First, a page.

"I was shocked. I thought Israel would give us our human rights," says Abdo Omar, 32, a university graduate who is one of around 200 Darfuris currently living at a grubby shelter rented out at a steep £2,000 a month, with sleeping bags on the floor and in corridors. Israel says that, as the nearest democracy to Africa with a first-world economy, it is uniquely vulnerable to a migrant influx. And it's true that south Tel Aviv has replaced Calais as the highest-profile flashpoint of a global crisis, the handling of which by European countries, including Britain, has been criticised.
But it's hard to imagine the British Home Secretary, Theresa May, say, surviving the generalisations deployed by Mr Yishai about the asylum-seekers he says have made south Tel Aviv Israel's "garbage can". The minister has suggested that "most" African migrants are criminals, and that many, including rapists, are HIV positive. Arguing that the refugees threaten the "Zionist dream", he has claimed that most are Muslims. Yet official figures show that in south Tel Aviv 13.5 per cent of crimes are committed by foreigners, who make up 28 per cent of the local population. And while Health ministry experts estimate that 17 per cent of HIV sufferers are among legal and illegal foreigners, who are 3 per cent of the national population, police say only one refugee has been charged with rape. And most members of the largest single group – the 35,000 Eritreans – are Christian.
Miri Regev, a Knesset member in Mr Netanyahu's Likud party, told the May protest that African migrants were a "cancer in our body". That evening, rampaging demonstrators attacked Africans and ransacked businesses – including Mr Zigta's bar. Because of the overtones of Hitler's wartime language against the Jews, Ms Regev later apologised to Holocaust survivors (and cancer patients) but not to the Africans. Both the language and the violence were subsequently condemned by Mr Netanyahu. But Ms Regev also unwittingly touched on comparisons some liberal Israelis make with the country's own foundation largely by refugees. Each evening, in Tel Aviv's Levinsky Park, up to 500 Africans queue for a hot meal provided by Israeli volunteers.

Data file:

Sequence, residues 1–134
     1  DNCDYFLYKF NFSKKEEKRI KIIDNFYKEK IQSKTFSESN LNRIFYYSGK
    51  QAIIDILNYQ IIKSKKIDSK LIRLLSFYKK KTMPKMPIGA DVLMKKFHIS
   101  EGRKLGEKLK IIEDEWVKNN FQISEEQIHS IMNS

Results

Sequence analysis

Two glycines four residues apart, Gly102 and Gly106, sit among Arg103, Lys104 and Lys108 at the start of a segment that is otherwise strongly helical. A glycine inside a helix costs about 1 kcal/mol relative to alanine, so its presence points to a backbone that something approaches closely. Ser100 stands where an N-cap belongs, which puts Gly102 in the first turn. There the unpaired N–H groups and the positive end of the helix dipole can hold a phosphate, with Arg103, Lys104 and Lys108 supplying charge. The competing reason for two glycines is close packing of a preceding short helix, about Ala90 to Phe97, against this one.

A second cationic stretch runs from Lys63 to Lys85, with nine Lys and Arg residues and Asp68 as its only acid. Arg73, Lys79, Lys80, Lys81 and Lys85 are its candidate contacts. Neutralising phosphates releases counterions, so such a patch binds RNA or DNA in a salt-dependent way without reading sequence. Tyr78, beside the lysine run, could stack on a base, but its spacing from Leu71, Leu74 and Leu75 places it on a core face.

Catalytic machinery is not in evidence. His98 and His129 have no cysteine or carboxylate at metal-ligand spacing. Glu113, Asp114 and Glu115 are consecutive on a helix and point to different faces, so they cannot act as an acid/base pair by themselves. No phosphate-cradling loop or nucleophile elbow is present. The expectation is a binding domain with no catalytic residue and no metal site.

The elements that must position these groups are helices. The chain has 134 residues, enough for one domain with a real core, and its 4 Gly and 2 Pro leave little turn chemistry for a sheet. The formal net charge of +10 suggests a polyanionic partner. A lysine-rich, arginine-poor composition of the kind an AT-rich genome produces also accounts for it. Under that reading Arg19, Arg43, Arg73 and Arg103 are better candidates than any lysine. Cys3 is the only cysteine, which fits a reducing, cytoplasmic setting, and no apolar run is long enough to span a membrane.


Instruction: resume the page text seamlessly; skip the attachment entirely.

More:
One volunteer, Vardit Shlafy, 50, explains that her parents were also refugees – from Poland – and that her mother was saved by a Catholic priest who helped her fake an ID that would allow escape to Russia from the Nazis. "Otherwise I wouldn't be here today. I am saying how grateful I am to that priest by doing something for others."
Even some Israelis in south Tel Aviv express unease about the government's policies. Shop owner Meir Yakoby has participated in "anti-infiltrator" demonstrations. Yet he employs an Eritrean worker. While he wants the refugees dispersed across the country, he says: "He has to work, he has to eat." Israel, he acknowledges, has "not been showing a good face to the world".
Certainly, it's hard to see how mass detention will help. According to Sigal Rozen, of the Hotline for Migrant Workers, a non-governmental organisation, government hopes that the Eritreans (whose average asylum application success rate is 83 per cent in countries – such as those in the EU –which process them) will thus be persuaded to return home are baseless. Israel is hardly going to follow Eritrea's example by raping inmates or torturing them in basements, she says. "No matter how they are abused, they know their own country will abuse them worse."
Kidane Isaac, 26, an Eritrean community activist, says if he returned to his homeland he would face torture or even execution after escaping from the army and then from jail. He says the Eritreans are increasingly "nervous about the general atmosphere because of the new campaign against refugees". Of Israel's "right-wing government" he says: "They are forgetting their own history."